The term “feminazi” is one of the most controversial of the words currently used. It is so because of its strong emotional content, as it refers to Nazism, and because it is also linked to an issue that polarizes public opinion: feminism.
It is very common nowadays to find people who criticize this political movement and philosophical current centered on women, pretending that “feminism” and “feminazism” are synonymous. As we will see, there are many reasons to distinguish between the two concepts.
Throughout this article we’ll see what the differences between “feminazi” and “feminist” are , and why it’s a mistake to confuse the two words.
The 4 differences between “feminazi” and “feminist”
This is a summary of the differences that we can find between the feminist and the feminazi, and that will give you reasons not to use them indiscriminately.
1. One is worked on philosophically, the other is not
The first thing that must be pointed out is the difference between the feminist and the “feminazi” is that, while the first concept has been worked on for decades by a large number of female philosophers (and, to a lesser extent, philosophers) , there is not much theoretical concreteness in the meaning of the second.
For example, feminism has been worked on by thinkers like Judith Butler from a perspective that seeks to abolish gender (understood simply as a social construct), while other currents, such as difference feminism, seek to deepen the meaning of being a woman beyond the male view of this issue.
The word “feminazi,” on the other hand, was created in the 1990s by American radio broadcaster and commentator Rush Limbaugh, who was known to be sympathetic to conservative ideology, and therefore failed to describe in too many nuances what something called “feminazism” would be as a social phenomenon.
Thus, there is a clear asymmetry between the phenomenon of feminism, which for decades has produced very diverse ways of addressing the issue of discrimination against women (sometimes complementary, sometimes directly confronting each other and causing battles within feminism itself), and the concept of the feminazi, which is totally devoid of nuances and which no one has managed to work on philosophically.
2. The functions of both terms are different
The word feminism was born as a derogatory term, but soon women’s rights activists appropriated it and made it the name of their political and intellectual movement . Therefore, its usefulness is to label a set of lines of thought and philosophical development, as well as forms of political activism and social movements.
On the other hand, the word “feminazi” is not capable of describing one that is more or less neutral or devoid of emotions, because its reason for being is that of a pejorative term , which only exists to criticize or attack certain groups of people.
That is why many people criticize the simple use of the word “feminazi”, because it is simply there to express an opposition to feminism that goes so far as to attribute to it negative properties typical of an ideology capable of producing genocide.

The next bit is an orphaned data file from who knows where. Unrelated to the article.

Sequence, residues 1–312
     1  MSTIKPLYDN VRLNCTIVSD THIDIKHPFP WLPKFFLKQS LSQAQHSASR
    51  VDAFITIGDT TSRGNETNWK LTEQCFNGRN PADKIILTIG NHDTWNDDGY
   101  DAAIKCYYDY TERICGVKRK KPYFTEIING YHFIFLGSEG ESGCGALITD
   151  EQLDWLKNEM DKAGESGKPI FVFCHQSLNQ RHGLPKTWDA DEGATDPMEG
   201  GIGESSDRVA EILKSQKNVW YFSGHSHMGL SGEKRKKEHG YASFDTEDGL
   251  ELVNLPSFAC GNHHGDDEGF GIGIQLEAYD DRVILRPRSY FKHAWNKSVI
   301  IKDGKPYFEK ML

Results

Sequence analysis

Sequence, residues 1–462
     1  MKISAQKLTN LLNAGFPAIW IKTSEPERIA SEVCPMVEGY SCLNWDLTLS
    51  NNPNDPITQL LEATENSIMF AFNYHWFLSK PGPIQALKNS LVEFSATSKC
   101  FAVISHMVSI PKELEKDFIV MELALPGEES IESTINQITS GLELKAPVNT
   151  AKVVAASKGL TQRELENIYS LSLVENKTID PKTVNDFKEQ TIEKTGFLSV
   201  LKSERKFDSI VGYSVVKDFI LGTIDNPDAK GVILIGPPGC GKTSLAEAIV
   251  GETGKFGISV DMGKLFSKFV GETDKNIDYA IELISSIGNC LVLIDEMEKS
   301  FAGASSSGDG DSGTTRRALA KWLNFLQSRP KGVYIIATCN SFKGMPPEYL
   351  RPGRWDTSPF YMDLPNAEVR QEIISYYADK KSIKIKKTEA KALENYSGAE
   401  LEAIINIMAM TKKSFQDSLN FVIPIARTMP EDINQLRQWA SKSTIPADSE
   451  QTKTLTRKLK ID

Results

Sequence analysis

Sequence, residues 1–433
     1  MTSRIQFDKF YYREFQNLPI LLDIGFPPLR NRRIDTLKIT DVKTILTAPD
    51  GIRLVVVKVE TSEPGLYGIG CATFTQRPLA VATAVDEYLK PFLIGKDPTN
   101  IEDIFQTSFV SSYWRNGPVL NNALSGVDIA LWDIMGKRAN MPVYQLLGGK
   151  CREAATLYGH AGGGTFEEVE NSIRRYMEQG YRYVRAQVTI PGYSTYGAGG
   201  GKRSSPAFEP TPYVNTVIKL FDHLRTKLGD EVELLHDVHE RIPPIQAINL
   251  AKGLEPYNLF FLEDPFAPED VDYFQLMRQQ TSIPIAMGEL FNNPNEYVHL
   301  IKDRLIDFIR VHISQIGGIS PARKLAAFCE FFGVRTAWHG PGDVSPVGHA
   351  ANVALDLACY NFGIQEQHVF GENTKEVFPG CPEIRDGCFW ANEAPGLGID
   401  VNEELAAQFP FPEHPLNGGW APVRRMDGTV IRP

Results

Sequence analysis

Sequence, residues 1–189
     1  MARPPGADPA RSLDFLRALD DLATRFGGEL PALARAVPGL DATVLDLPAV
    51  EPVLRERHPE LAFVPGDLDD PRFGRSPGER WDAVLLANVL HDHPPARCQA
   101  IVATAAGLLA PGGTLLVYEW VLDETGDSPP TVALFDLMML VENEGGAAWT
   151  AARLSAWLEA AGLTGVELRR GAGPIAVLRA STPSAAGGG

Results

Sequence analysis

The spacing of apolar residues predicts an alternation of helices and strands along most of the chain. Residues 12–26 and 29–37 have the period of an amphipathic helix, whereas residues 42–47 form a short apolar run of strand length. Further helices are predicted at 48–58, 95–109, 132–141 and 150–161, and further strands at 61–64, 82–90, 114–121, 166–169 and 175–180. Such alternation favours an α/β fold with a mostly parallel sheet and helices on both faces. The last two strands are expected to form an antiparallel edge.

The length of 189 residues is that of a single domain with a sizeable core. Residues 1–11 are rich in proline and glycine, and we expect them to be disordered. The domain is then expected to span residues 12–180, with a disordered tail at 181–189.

3. “Feminism” refers to a phenomenon that is easy to define, “feminazi” does not
Currently, the term “feminism” is used as a descriptive term, which serves to designate a social phenomenon that takes place in contemporary society and in a wide variety of countries.
On the other hand, the word “feminazi” does not designate a concrete social phenomenon , since to begin with it is not related to a main idea that serves to indicate where the set of people who participate in “feminazism” begins and ends (even if it is in an approximate, not exact way). The reason for this is found in the two previous sections: it has not been developed theoretically and it is simply born as a pejorative label.
4. Ferminism is a social movement; feminism is not
This is possibly the main difference between “feminist” and “feminazi”. People who consider themselves feminists can be grouped into a group that can be specifically analysed by sociology, because they share certain themes, certain symbols and common concerns that are related to the situation of women.
This is not the case with the concept of “the feminazi”, which cannot be attributed to a specific collective . Today there is simply no social fabric of people who feel identified with political pretensions similar to those of Nazism and who share spaces or demands with feminism.
Obviously, we can always blur the meaning of Nazism to make it correspond to certain authoritarian or even ultra-right-wing attitudes that can be detected in people who call themselves feminists and who have a certain internal organization and capacity to mobilize people.
However, to do this you have to leave behind the most characteristic features of the real Nazis: their ideas of ethno-states (the creation of states assigned to groups of people seen as impossible to mix), the desire to physically exterminate the enemy within (living within one’s own country), corporatism (with vertical unions that carry the leader’s will to all levels of society), and certain mystical and superstitious ideas that explain the origin of the lineages that make up society.
- Krolokke, Charlotte; Anne Scott Sorensen (2005). “Three Waves of Feminism: From Suffragettes to Grrls”. Gender Communication Theories and Analyses: From Silence to Performance. Sage. p. 24.
- Phillips, Melanie (2004). The Ascent of Woman: A History of the Suffragette Movement and the Ideas Behind it. London: Abacus. pp. 1 – 370.
- Seelye, Katherine Q. (1994). “Republicans Get a Pep Talk From Rush Limbaugh.” The New York Times.